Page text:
November 03, 2005

CAFE results (Medications Research) Announced

Medscape reported recently that the researchers on the CAFE study on schizophrenia medications have reported on their study results.

CAFE Study Shows Varying Benefits Among Atypical Antipsychotics

Oct. 25, 2005 (Amsterdam) — Although all of the atypical antipsychotic agents preserve neurocognitive function, they vary in terms of the specific domains they influence, said Richard S. E. Keefe, PhD, who presented study findings here at the European College of Neuropsychopharmacology 18th Congress.

Because of this intraclass variation, "it's important to take these data...and target individualized medicine for these patients, and make sure patients have access to all of these medications, because each patient will respond differently," Dr. Keefe said at the late-breaking presentation. Dr. Keefe is an associate professor of psychiatry and behavioral sciences at Duke University Medical Center in Durham, North Carolina.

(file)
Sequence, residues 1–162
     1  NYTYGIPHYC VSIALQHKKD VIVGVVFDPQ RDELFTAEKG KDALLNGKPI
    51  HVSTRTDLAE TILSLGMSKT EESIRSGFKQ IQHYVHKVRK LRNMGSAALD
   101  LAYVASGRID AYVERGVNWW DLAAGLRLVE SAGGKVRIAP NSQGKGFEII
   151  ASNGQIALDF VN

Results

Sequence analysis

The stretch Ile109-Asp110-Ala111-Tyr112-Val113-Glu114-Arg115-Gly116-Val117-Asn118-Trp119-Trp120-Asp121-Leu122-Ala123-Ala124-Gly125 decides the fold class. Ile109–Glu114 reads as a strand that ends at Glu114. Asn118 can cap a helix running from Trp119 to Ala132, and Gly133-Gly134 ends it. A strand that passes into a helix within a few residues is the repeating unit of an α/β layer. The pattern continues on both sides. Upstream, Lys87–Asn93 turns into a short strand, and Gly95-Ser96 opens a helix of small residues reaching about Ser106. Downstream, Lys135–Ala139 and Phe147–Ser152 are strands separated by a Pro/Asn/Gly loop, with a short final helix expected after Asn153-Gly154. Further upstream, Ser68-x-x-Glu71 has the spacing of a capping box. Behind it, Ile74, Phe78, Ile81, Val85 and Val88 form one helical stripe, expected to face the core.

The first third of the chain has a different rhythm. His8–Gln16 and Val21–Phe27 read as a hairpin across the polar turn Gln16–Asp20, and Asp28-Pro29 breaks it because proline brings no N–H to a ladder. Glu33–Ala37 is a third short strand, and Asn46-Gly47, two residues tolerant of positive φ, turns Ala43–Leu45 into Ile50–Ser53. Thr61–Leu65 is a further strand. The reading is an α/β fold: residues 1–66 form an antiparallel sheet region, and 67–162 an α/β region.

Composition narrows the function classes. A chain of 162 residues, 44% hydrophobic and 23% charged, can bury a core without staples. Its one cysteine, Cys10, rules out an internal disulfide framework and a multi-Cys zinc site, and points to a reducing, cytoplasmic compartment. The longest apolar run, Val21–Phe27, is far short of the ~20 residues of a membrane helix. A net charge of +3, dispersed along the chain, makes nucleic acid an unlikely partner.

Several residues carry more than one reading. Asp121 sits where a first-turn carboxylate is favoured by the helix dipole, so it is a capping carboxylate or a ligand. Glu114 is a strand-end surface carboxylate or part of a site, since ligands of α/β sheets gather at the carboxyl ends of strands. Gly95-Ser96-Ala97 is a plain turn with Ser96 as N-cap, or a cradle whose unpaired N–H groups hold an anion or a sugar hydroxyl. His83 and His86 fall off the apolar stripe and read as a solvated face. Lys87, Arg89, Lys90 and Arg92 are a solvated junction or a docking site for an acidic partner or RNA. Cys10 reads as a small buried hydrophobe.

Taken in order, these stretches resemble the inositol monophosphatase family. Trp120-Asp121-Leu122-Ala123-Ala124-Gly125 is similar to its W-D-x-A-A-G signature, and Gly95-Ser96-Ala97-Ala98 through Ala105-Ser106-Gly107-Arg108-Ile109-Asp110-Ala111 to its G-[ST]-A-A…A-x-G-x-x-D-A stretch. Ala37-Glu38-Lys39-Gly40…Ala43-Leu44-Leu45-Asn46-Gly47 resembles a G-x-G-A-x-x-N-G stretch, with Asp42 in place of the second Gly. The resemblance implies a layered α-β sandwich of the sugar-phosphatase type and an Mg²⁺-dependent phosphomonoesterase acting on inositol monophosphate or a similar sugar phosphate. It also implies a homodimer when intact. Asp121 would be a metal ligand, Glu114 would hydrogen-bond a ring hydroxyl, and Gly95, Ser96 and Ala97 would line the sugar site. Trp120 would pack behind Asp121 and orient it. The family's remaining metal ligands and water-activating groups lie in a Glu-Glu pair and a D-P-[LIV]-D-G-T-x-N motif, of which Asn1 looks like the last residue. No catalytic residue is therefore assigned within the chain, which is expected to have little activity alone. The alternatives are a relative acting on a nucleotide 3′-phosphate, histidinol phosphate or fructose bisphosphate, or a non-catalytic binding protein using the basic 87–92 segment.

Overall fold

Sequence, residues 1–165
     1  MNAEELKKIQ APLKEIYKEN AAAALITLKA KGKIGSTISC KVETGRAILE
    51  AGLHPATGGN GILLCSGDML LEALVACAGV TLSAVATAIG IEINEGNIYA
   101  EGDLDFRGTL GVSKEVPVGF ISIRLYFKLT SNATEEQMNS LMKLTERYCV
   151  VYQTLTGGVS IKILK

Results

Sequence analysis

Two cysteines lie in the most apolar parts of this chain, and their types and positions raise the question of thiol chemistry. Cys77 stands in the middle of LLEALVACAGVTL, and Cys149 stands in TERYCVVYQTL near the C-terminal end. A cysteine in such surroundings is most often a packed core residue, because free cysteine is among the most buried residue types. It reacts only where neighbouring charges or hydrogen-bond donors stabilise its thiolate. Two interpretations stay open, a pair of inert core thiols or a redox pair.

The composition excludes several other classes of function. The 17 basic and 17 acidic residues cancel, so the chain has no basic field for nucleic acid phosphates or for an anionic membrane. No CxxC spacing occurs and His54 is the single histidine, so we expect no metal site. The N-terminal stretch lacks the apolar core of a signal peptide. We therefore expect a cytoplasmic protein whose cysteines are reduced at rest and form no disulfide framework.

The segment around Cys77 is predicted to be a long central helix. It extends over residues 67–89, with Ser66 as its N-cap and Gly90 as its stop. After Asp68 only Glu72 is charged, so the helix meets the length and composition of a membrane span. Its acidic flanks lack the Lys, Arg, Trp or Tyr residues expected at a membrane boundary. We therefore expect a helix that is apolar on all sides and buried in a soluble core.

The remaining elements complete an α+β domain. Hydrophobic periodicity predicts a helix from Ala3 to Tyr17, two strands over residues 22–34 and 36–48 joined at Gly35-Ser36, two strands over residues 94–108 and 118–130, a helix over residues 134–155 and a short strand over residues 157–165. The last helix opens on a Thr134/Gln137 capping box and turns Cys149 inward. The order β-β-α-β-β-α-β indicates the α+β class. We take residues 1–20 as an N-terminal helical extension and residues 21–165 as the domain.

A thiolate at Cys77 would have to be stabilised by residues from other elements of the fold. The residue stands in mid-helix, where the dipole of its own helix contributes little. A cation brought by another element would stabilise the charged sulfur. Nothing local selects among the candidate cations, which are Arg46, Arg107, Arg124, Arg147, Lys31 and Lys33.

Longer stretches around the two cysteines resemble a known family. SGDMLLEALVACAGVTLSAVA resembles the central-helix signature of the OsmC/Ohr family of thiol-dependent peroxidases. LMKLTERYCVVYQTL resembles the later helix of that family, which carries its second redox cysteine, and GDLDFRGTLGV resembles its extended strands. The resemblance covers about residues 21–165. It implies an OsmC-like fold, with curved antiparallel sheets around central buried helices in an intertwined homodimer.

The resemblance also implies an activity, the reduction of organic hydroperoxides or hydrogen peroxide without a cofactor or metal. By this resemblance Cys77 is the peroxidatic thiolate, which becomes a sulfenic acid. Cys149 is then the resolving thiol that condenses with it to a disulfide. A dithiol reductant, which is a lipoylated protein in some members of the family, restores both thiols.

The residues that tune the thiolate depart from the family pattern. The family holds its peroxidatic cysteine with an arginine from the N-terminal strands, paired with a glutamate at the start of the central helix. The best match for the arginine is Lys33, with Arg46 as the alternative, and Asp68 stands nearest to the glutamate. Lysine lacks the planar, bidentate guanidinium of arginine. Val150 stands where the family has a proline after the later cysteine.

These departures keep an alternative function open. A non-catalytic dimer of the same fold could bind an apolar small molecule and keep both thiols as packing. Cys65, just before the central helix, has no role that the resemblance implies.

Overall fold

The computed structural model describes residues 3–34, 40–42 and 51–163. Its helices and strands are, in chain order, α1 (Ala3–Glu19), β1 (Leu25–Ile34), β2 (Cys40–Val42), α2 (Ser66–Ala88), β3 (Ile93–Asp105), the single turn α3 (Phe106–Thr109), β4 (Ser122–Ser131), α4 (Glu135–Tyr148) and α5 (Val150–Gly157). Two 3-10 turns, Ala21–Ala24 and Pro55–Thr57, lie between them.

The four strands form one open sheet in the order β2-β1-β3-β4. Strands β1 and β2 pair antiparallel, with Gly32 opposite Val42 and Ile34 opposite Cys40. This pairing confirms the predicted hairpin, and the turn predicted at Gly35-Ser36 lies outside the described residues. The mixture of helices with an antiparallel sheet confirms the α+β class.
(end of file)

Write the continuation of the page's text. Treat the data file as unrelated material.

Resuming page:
The study, Comparison of Atypicals for First-Episode Psychosis (CAFE), involved 26 centers in the U.S. and Canada, and it recruited patients who were experiencing their first psychotic episode. The investigators attempted to determine whether there were any advantages among the antipsychotic agents for first-episode patients because such patients typically respond well to treatment, but they often discontinue treatment and therefore have recurrent episodes that are less easy to treat.

For the full report on this conference presentation, see the following medscape article (free registration required):
CAFE Study Shows Varying Benefits Among Atypical Antipsychotics


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